No fiscal from Santa Clara ever told a truer and a darker story of what he found in Santa Barbara and Soledad.

Aware how much had been done by the Franciscans under great and ever-growing difficulties, the Americans have lately paid those fathers the compliment [119] of restoring their system-so far as a Protestant people and a secular government can restore their system-by placing these agencies under the control of religious bodies, chiefly Methodists and Quakers. But these purer agents have not stopped the progress of decline, and hardly raised, as yet, the tone of such few stragglers as survive. Old bucks go naked; young bucks get drunk. Fathers still sell their daughters to the Whites. A slave trade more revolting and atrocious than the sale of Negroes is conducted under the eyes of Christian judges, as it used to be conducted under the eyes of Franciscan priors. No native either gives a vote or exercises public trust. The tribes are tied to certain spots, cooped in like kine, from which they may not stir, under penalty of being hunted down, tied up with thongs, and lashed to their old posts. Compelled to work for the White farmers, they are lucky if the master is kind enough to lend them a gun to kill their food. They can be sent from master to master, and removed from one agency to another against their wish.

A man like Vancouver would find it hard to see in what respect their freedom under the Stars and II9 [120] Stripes differs from their slavery under the red and yellow flag.

Yet the tribes and families which fell under the Franciscan Commonwealth are more advanced and better off than any other Red tribes and families. An Indian commissioner, who has no clerical bearings to betray his judgment, writes:--“ The mission Indians, having been for the past century under the Catholic missions established on the Californian coast, are tolerably well advanced in agriculture, and compare favourably with the most highly civilised tribes of the East.” He adds, in detail, that these civilised Indians “support themselves by working for White settlers, or by hunting, fishing, begging, and stealing, except a few, who go to the military post for assistance in the way of food.”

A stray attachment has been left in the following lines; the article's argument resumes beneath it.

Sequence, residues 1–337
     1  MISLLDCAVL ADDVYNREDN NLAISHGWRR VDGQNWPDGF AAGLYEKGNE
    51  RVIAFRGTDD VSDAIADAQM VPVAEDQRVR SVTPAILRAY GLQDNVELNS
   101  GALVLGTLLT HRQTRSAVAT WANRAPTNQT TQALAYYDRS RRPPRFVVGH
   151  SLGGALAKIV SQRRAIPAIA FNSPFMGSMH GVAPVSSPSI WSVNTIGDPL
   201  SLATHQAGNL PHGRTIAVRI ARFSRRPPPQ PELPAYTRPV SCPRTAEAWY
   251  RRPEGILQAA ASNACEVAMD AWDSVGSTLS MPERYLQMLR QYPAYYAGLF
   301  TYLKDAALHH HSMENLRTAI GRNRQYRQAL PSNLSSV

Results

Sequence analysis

These waifs in the agencies have some support; the other waifs and strays have none. Since they lost the friars, these converts have been perishing in their tens, their fifties, nay their hundreds; yet the State does nothing for them, and the sturdy settler, in his hurry to be safe, is brushing them from his path as roughly as he stamps out wolves and bears.

What wonder, then, that old Marcello should regard [121] each step of progress as a loss? Whatever flag is up, his people perish from the soil. The chief has lived too long, having lived to see his tribe converted, liberated, and destroyed.

No government or society has known so well as the Franciscans how to rule this savage and pacific race.